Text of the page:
One more thing: Works for Apple, but killed Google Health

Google Health is dead.

There have been plenty of post-mortems as to why, ranging from the fact that it’s not social enough (uh … no), to the realization that only a minority of practices have electronic medical records, yet alone a patient portal that can incorporate PHRs like Google Health.

I’ll chip in with my own reason — it suffered from “one more thing” syndrome.

PHRs today aren’t seamlessly incorporated into a patient’s and doctor’s normal workflow.

Google Health required patients to take that extra step of entering a health and medical history themselves.  And most doctors could not automatically incorporate Google Health information into a format their EMRs could use.

Whatever takes extra steps isn’t likely to be adopted.

Google Health was off to a rocky start when it discovered how difficult it was to download insurance company-generated health claims into its database.  As e-Patient Dave DeBronkart noted, it’s often “garbage in, garbage out.”  And relying on patients to enter their own data doomed the service to niche status.  It’s no wonder that only 7% of patients use PHRs at all.

For doctors, there’s even less incentive.  Most have enough trouble transitioning to an EHR, let alone integrating it with Google Health.  It’s no wonder that not many were willing to take that extra step of doing so.

Dave Chase summarizes it best:

To understand the impact, I’ll exaggerate to make a point—your healthcare provider doesn’t care about you unless they can see the whites of your eyes. Why is that? Today’s flawed reimbursement scheme only compensates the healthcare provider for a face to face visit. It’s hard to fault the primary care physician who has been put on a hamster wheel of 30-40 appointments per day and can’t even give their practice away upon retirement (that was once their retirement plan) for not wanting to deal with their patients sending email or sharing information from their personal health record.

The failure to involve health care professionals is the biggest reason why Google Health failed. I hope people will begin to realize that nothing will change in health care unless physicians are on board 100%. Like it or not, doctors still wield tremendous influence over their patients, so for consumer health innovations to succeed, it needs to come through the doctor’s office.

“One more thing” works well for Steve Jobs and Apple when announcing new products. But when it comes to health technology, requiring physicians and patients to take any additional steps is a surefire recipe for failure.

Kevin Pho is an internal medicine physician and on the Board of Contributors at USA Today.  He is founder and editor of, also on FacebookTwitter, and LinkedIn.

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  • Smart Doc

    I was struggling with Google Health for my personal records the day before I was put out of my misery when the product was pulled.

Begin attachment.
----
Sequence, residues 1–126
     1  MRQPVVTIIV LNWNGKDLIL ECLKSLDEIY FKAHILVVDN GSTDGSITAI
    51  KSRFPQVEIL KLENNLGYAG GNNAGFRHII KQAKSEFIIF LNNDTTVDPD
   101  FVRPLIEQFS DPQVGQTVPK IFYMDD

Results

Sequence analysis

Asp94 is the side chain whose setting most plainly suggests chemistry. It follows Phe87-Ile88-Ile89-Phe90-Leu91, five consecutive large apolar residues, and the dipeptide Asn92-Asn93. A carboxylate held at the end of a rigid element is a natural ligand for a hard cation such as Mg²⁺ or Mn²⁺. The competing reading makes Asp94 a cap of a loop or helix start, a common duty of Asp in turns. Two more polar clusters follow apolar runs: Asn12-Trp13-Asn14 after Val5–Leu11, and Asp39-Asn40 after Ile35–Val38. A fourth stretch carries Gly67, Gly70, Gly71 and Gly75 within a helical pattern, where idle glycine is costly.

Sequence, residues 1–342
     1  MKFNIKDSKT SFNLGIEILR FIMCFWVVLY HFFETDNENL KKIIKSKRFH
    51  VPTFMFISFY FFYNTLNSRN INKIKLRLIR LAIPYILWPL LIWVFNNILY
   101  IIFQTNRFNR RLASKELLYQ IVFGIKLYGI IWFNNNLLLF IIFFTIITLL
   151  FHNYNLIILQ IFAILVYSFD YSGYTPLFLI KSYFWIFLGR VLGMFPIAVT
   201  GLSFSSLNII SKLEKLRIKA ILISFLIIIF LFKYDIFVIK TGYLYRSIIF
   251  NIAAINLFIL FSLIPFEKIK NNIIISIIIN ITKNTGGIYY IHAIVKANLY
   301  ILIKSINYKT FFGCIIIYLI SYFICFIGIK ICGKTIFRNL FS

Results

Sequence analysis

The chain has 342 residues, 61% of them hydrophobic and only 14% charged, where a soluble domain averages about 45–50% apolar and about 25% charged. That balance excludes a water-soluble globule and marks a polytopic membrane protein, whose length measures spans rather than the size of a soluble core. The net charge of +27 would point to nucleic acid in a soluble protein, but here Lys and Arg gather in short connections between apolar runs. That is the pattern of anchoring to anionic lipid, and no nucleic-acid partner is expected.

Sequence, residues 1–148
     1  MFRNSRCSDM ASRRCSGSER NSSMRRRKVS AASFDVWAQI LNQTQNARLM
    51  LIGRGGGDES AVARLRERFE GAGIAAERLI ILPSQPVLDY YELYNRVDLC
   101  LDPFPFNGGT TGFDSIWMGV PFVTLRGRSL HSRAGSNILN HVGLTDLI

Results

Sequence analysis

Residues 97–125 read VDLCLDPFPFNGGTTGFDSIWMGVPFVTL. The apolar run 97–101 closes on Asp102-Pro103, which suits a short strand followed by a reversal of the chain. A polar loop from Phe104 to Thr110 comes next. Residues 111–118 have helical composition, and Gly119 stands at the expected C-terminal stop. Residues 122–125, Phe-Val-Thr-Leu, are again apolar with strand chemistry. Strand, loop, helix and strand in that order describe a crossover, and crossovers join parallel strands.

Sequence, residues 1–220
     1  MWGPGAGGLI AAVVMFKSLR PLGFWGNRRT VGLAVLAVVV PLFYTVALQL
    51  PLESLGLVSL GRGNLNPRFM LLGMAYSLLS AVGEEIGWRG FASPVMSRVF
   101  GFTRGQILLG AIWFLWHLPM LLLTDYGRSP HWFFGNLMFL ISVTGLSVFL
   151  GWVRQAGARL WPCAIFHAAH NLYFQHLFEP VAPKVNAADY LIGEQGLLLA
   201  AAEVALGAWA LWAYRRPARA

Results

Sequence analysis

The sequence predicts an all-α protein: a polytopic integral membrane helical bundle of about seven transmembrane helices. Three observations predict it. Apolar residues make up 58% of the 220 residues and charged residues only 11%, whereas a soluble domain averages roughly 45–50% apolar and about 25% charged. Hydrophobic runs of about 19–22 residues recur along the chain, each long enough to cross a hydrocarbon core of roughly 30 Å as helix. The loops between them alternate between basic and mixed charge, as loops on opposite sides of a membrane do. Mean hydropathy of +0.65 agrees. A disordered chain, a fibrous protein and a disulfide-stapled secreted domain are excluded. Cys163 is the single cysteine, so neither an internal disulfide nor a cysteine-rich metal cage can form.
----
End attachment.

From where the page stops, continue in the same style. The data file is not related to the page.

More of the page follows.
I love Kevin’s quote in the article: “The failure to involve health care professionals is the biggest reason why Google Health failed.”

    I would extrapolate: The failure to involve health care professionals is the biggest reason why ObamaCare will fail.

  • Joel Sherman MD

    Google Health was doomed to failure. They put the onus on the patient to obtain their own health records and upload them on their own. That means the patient would have to request their records from their doctors and labs after each visit. Most of what they needed would be unavailable in digital format and they’d have to type it in themselves. -A mind boggling amount of work!

    These systems can’t work until we have a national system of fully transportable records. That would have to be developed by the federal government and its use made mandatory for all providers, insurers, pharmacies etc at a cost that the providers can afford. We’re still light years away from that as a goal. It can’t be done by private corporations like Google whose main objective is to further their own interests.

  • WarmSocks

    As busy as my doctors are, I couldn’t see asking them to add interacting with Google Health, too. I figured it would require another appointment, so they could get paid for the time it took to do data transfer.

    Aside from that, my reason to not use Google Health: security. I’m happy to type in my own data if I know that it’s password-protected on my own hard drive and not floating around in cyberspace where someone might hack into it.

  • Donna Ruark

    As an HealthIT student I tried to enter my information into Google Health, it was not robust enough to enter all the information I wanted to record. It had at least one bug. It had some sort of unseen record of a med I deleted and wanted to re-enter, because it kept giving me an error for a duplicate med when I was trying to put it back.

    Also, you need to realize that my dermatologist, OB-GYN, Cataract Surgeon, and Family physician all want to have different views of my health information – Google Health did not take this into account. And I am basically a healthy women.

    It was pulled because it was the quality of a college project developed by three people over a power weekend, not the high quality we need in a personal health record.

    I also agree with someone I read “that medical information from a patient is only hearsay unless backed up by documentation from a doctor or medical facility. “

  • horseshrink

    Thanks for this post.

    The learning curve for modern healthcare is still very steep. Through the clarity of retrospect fifty years hence, we will see how foetal and fluid is the current state of relevant technologies, including EHR systems.

    I cringe to see massive, politicized, nonclinical governmental bureaucracies try to track and participate in this process through premature mandates and oblivion to “in-the-trenches” clinician needs.

    Even Google stuttered.